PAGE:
Lissette: Right, right you don’t want to be a pod-like for instance I outsource everything. I’ve got a producer who does everything because I didn’t want to be a podcast expert, I wanted to be a remote working expert. So if I’m here I’ll pay you to be your expert and I’ll do my things. It sounds like you guys have a perfect way to do that. Now your team works remotely, so do you have a team of fourteen people and everyone works remote is that right?
Tom Schwab: Exactly, so I’ve had brick and mortar businesses before and I saw the limitations of them and I’ve just looked at this and said ‘I want to build this then find the best people,’ and amazingly not all the best people lived in Kalamazoo Michigan nor did I want everybody to come into an office and work from nine to five. You know we’ve got customers throughout the world and I don’t think its right to tell a customer in the United Arab Emirates that ‘sorry that’s not a time that we’re awake or our business is shut down for a couple hours because we got snowed in Kalamazoo.’ So I love the flexibility that it gives our team and also the access to talent.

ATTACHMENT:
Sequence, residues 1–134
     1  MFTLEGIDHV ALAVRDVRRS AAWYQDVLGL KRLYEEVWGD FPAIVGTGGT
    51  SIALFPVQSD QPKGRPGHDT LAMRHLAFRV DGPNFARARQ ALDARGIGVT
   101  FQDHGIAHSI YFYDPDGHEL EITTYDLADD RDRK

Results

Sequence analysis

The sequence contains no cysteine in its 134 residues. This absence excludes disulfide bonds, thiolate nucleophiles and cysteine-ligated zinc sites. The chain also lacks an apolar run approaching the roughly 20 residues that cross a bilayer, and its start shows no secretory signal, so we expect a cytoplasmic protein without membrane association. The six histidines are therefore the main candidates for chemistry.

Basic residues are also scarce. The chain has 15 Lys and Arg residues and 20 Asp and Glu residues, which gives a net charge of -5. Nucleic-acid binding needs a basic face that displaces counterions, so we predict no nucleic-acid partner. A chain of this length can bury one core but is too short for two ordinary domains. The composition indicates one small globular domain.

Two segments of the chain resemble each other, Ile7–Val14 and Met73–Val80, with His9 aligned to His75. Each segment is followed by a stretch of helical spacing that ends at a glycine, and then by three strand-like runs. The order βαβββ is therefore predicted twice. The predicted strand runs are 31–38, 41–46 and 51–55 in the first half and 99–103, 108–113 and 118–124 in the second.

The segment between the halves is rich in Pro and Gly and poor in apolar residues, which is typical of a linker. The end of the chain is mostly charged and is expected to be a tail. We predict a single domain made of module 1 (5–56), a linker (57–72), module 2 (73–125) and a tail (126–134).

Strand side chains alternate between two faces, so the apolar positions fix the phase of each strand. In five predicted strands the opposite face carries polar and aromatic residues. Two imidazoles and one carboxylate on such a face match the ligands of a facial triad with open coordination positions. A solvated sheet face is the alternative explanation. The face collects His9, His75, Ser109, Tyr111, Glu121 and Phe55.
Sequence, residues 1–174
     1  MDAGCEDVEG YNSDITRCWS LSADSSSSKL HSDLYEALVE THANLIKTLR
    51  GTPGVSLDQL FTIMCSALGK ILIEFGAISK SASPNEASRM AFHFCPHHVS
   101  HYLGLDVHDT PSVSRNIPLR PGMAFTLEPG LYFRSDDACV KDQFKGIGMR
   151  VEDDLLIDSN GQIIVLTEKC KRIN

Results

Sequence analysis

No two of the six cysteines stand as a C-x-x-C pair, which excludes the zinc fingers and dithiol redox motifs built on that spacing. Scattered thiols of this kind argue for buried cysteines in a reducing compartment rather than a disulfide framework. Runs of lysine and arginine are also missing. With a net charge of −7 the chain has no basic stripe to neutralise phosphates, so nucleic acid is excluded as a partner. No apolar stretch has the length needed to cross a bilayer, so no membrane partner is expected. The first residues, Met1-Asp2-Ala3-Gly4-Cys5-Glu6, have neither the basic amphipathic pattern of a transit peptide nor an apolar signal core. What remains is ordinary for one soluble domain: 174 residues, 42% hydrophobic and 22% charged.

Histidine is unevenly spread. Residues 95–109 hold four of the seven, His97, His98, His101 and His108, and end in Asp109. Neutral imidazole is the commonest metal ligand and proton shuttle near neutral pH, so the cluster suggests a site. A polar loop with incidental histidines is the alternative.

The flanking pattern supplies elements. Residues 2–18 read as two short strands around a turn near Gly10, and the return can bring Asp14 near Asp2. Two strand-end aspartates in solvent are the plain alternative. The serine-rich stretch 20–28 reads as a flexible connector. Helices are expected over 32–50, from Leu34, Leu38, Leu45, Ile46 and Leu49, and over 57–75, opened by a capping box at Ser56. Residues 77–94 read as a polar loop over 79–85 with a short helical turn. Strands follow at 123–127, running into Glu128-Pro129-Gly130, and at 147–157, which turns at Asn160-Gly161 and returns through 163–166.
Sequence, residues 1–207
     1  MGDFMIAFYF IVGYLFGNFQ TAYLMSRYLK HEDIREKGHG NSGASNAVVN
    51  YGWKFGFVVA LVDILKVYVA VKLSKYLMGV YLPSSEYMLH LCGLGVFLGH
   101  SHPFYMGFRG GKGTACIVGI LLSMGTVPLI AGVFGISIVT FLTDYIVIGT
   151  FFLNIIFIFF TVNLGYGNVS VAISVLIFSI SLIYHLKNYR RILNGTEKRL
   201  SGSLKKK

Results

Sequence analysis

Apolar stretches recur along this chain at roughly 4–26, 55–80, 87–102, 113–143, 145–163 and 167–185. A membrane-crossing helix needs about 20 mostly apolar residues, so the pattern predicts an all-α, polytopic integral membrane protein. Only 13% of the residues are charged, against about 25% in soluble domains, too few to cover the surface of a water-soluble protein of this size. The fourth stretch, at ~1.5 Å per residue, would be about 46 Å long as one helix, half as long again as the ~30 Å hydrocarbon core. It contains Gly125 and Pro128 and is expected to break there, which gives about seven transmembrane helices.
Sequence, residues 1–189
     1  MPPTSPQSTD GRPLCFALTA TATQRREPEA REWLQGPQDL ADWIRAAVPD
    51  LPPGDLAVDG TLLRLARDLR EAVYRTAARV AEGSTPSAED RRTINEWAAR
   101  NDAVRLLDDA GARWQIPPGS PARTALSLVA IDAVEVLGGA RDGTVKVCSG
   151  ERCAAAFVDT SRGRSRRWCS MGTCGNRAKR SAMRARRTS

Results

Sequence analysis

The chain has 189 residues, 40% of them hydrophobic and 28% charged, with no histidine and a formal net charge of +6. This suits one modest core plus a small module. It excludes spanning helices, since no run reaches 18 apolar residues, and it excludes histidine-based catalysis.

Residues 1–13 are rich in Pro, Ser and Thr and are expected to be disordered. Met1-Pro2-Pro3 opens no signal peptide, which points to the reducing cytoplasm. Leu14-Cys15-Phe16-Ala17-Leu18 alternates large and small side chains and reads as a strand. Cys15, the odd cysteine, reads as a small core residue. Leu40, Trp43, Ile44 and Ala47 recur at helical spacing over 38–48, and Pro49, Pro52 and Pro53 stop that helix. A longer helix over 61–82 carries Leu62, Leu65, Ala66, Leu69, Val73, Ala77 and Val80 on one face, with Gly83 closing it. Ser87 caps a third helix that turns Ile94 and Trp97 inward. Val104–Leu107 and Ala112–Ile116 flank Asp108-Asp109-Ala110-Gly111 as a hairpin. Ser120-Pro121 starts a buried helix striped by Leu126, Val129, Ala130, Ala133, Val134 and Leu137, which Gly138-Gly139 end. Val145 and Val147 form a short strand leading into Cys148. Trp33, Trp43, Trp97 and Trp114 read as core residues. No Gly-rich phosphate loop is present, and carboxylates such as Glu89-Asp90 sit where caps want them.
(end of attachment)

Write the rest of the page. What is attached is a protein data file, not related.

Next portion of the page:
Lissette: So that the main reason that you decided to hire people from different places? Was the access to talent or?